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   Chapter 6 No.6

The Golden Silence By A. M. Williamson Characters: 12920

Updated: 2017-11-30 00:04

Stephen's prophecy came true. They had a better dinner than any one else had, and enjoyed it as an adventure. Victoria thought their waiter a particularly good-natured man, because instead of sulking over his duties he beamed. Stephen might, if he had chosen, have thrown another light upon the waiter's smiles; but he didn't choose. And he was happy. He gave Victoria good advice, and promised help from Nevill Caird. "He's sure to meet me at the ship," he said, "and if you'll let me, I'll introduce him to you. He may be able to find out everything you want to know."

Stephen would have liked to go on talking after dinner, but the girl, ashamed of having taken up so much of his time, would not be tempted. She went to her cabin, and thought of him, as well as of her sister; and he thought of her while he walked on deck, under the stars.

"For a moment white, then gone forever."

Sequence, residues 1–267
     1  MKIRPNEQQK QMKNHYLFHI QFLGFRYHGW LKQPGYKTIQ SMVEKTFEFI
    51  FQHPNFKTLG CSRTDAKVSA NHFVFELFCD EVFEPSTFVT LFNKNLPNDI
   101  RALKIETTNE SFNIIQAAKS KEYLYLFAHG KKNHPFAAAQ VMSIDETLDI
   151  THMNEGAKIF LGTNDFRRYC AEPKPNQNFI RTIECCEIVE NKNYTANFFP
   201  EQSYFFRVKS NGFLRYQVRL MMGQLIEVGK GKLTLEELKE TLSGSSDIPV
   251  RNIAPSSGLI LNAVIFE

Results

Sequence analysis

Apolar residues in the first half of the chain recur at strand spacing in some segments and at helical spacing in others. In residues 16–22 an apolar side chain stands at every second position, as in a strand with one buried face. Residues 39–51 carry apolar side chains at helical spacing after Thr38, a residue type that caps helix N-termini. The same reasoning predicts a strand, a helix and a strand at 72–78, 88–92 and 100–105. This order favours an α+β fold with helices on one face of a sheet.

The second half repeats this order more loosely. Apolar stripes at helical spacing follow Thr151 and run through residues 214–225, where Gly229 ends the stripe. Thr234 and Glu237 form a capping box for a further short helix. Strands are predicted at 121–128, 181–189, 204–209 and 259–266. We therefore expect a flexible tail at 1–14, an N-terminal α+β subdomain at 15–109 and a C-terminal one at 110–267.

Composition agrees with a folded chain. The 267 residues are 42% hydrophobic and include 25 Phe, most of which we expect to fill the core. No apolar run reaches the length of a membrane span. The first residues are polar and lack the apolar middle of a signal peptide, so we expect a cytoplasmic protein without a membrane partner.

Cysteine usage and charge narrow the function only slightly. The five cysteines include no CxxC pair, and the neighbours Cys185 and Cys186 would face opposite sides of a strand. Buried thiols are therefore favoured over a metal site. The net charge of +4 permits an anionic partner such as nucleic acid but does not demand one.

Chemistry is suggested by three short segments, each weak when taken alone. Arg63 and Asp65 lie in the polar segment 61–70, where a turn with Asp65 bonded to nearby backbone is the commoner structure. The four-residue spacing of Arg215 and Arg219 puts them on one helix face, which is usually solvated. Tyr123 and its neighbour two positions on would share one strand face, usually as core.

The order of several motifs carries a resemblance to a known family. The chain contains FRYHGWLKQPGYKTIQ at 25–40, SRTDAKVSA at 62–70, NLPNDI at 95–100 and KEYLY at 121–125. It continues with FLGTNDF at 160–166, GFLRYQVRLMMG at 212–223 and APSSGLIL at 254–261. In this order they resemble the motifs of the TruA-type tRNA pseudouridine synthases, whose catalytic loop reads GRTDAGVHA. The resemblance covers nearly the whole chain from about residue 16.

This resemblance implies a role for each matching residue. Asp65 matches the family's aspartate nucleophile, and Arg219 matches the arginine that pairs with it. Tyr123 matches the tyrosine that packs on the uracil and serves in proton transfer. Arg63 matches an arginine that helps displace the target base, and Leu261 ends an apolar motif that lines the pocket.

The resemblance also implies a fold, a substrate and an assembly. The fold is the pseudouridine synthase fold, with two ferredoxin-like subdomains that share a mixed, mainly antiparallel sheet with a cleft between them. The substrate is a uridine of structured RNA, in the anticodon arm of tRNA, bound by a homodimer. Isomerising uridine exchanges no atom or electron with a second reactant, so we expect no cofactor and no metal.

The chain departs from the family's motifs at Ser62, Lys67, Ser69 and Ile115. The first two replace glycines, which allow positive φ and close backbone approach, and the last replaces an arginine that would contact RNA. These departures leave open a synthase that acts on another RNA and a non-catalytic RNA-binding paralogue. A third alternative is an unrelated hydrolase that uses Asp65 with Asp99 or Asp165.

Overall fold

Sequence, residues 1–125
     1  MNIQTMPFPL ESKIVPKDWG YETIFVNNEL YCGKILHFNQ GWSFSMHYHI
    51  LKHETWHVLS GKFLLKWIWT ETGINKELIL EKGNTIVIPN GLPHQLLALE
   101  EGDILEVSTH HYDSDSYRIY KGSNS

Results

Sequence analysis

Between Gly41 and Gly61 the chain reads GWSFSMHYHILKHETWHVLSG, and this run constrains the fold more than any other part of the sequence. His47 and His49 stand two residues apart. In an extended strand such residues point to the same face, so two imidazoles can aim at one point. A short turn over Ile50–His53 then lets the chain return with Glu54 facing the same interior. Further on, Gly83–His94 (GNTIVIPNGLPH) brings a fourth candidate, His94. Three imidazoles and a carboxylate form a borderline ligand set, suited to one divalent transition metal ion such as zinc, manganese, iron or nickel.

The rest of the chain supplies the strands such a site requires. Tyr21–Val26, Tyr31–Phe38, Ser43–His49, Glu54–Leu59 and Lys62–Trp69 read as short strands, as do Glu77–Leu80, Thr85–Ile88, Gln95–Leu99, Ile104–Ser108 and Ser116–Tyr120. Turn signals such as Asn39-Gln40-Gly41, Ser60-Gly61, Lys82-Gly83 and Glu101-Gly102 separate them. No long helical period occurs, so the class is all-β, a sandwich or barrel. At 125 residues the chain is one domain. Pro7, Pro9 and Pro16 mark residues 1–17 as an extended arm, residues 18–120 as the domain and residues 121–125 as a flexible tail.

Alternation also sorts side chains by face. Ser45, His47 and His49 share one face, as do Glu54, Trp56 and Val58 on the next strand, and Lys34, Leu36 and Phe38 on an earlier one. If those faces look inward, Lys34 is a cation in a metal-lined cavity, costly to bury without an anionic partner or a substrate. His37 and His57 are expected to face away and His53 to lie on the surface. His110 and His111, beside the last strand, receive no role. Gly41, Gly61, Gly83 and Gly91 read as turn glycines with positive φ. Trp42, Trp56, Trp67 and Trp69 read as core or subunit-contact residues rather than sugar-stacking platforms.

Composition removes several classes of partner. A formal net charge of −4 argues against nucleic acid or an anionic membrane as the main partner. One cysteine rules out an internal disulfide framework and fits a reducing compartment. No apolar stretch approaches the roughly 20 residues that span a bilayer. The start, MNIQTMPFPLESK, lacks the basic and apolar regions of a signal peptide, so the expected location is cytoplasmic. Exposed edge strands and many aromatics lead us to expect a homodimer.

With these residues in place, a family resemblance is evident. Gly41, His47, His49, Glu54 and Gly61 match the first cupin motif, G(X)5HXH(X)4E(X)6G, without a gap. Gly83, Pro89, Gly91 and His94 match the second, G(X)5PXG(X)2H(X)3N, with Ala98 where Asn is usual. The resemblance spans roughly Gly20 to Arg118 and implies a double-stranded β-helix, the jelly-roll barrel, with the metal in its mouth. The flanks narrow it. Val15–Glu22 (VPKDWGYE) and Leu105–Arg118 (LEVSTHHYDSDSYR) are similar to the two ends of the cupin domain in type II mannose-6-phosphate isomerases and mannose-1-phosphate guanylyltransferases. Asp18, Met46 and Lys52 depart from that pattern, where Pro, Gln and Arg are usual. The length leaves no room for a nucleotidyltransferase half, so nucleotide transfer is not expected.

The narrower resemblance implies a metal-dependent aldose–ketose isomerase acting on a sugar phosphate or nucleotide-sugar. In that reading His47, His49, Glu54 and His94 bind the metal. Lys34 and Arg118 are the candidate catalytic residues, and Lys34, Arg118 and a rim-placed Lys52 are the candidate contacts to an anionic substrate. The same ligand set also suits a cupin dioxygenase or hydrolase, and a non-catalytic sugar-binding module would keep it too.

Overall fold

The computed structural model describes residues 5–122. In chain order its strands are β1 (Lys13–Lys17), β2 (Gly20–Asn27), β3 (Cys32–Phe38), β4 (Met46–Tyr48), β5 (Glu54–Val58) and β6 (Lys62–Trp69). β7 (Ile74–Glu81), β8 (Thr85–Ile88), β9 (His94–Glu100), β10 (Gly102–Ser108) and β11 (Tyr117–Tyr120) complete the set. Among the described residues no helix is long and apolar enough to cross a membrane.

Again the words came singing into his head. She was white-white as this lacelike foam that silvered the Mediterranean blue; but she had not gone forever, as he had thought when he likened her whiteness to the spindrift on the dark Channel waves. She had come into his life once more, unexpectedly; and she might brighten it again for a short time on land, in that unknown garden his thoughts pictured, behind the gate of the East. Yet she would not be of his life. There was no place in it for a girl. Still, he thought of her, and went on thinking, involuntarily planning things which he and Nevill Caird would do to help the child, in her romantic errand. Of course she must not be allowed to travel about Algeria alone. Once settled in Algiers she must stay there quietly till the authorities found her sister.